In both Fleming's novel and the Daniel Craig film, Le Chiffre lashes Bond in the testicles to force him to give up the money. But in this film, Le Chiffre tortures Bond with hallucinations induced by unspecified means. This allowed the film to deal with then-applicable standards for what could be shown in a motion picture, and it also allowed producer Feldman to claim that his film was "psychedelic". In any case, Bond resists long enough for SMERSH agents to bust in and kill Le Chiffre. End of caper, right?
Of course not. Le Chiffre and the card game were there solely to preserve a vague connection to the original novel and because, having shot a lot of expensive footage with Orson Welles and Peter Sellers, the producer was damn well going to use it. Connecting it to the rest of the film? Don't bother me with details.
Back in London, Sir James attends a meeting with the Prime Minister, accompanied by his daughter, Mata Bond. While she's waiting for him, she's kidnapped by some of the same crew that attacked Sir James in Scotland at the beginning of the film. They escape with her in . . . a spaceship! Yes, a spaceship that lands in the middle of London and takes off again, while crowds stare in amazement. (And you wondered where the Python crew got the idea for the spaceship in Life of Brian!)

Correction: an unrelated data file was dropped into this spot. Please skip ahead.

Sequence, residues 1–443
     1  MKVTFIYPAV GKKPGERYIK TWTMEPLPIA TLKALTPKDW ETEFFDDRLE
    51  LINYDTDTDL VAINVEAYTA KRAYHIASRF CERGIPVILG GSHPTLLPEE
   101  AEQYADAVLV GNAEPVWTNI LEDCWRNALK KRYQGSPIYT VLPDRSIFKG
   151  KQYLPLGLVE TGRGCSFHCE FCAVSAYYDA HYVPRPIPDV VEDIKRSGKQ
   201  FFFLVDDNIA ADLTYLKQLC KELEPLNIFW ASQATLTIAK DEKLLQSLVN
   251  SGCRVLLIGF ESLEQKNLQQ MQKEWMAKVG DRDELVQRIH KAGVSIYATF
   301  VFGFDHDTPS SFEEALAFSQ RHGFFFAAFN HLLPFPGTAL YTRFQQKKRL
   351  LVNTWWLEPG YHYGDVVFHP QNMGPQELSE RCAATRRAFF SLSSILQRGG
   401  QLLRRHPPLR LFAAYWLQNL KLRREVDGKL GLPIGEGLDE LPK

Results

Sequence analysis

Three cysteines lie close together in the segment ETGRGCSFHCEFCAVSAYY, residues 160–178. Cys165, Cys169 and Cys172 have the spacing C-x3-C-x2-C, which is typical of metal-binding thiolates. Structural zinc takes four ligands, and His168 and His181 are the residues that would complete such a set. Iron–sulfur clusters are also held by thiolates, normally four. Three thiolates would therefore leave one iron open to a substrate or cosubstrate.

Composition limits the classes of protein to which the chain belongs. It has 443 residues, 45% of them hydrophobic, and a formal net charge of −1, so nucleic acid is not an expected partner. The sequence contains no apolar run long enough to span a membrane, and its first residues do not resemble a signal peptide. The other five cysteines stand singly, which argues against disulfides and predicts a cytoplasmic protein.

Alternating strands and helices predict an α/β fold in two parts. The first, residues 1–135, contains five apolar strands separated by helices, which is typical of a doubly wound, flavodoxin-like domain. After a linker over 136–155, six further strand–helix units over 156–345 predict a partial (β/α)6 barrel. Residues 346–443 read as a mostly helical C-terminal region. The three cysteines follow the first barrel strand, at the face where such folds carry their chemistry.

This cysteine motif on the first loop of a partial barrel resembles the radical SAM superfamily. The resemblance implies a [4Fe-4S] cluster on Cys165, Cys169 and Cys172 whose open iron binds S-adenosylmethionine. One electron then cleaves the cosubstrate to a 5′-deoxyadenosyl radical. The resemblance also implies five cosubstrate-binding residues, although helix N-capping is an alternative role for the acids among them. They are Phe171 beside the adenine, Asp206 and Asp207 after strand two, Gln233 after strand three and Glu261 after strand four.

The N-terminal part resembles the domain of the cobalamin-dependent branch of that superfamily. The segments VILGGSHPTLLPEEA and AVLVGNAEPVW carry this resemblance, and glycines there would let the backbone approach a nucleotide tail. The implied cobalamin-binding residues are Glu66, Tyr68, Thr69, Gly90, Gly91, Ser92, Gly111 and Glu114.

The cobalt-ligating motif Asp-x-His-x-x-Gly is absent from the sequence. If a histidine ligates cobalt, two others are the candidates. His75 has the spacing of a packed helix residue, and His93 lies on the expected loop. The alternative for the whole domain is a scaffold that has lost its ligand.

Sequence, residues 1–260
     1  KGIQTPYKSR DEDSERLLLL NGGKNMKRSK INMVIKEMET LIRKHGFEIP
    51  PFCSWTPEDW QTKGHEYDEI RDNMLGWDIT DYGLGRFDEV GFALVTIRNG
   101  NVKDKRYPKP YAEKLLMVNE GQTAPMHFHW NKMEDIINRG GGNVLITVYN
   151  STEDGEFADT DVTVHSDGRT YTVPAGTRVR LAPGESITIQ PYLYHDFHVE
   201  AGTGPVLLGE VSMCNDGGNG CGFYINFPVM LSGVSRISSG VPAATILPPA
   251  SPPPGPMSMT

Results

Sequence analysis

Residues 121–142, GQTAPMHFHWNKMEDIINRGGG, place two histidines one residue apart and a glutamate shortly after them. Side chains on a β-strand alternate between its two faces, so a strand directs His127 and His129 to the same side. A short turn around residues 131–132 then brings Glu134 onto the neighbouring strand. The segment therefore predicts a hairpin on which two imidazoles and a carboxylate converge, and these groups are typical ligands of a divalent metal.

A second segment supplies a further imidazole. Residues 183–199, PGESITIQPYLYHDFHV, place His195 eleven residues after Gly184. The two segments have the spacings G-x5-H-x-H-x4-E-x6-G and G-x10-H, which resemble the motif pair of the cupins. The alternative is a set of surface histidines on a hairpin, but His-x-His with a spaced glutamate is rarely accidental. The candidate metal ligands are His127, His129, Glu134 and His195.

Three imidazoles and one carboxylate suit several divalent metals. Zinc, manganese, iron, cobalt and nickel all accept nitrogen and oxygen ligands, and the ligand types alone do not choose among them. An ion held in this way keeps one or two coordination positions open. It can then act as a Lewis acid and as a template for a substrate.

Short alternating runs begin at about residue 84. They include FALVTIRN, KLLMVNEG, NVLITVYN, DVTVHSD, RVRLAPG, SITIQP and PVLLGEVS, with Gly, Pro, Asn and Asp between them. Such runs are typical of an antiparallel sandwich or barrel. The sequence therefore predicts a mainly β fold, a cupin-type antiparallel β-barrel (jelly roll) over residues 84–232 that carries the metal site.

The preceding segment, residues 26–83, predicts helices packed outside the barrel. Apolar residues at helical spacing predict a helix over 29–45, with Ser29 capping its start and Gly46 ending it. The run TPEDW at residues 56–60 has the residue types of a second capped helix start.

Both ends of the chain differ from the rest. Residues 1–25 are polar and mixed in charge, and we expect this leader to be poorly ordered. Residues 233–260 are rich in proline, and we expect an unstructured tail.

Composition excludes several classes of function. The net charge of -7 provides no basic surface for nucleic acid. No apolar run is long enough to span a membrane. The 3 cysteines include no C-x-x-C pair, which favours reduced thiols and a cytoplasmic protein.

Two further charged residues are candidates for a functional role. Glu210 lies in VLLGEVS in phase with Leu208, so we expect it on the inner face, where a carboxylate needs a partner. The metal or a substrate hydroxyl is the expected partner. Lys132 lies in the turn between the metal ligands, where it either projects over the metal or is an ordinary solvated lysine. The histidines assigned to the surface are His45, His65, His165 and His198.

A mysterious nun appears in Sir James's office and hands him a note; she turns out to be the former Fiona McTarry, and the note explains that Mata Bond has been taken to Casino Royale. Sir James and Moneypenny go there and, after many adventures through numerous "psychedelic" (and very expensive) sets, they finally confront the true evil mastermind of the film, the fiendish "Dr. Noah". But he turns out to be Jimmy Bond, Sir James's nephew, whose endgame is to release a virus into the atmosphere that will make all women beautiful and all men shorter than him. Woody Allen, who wrote his own material, is genuinely funny in these scenes, but they'd be better if they followed logically from the preceding two hours.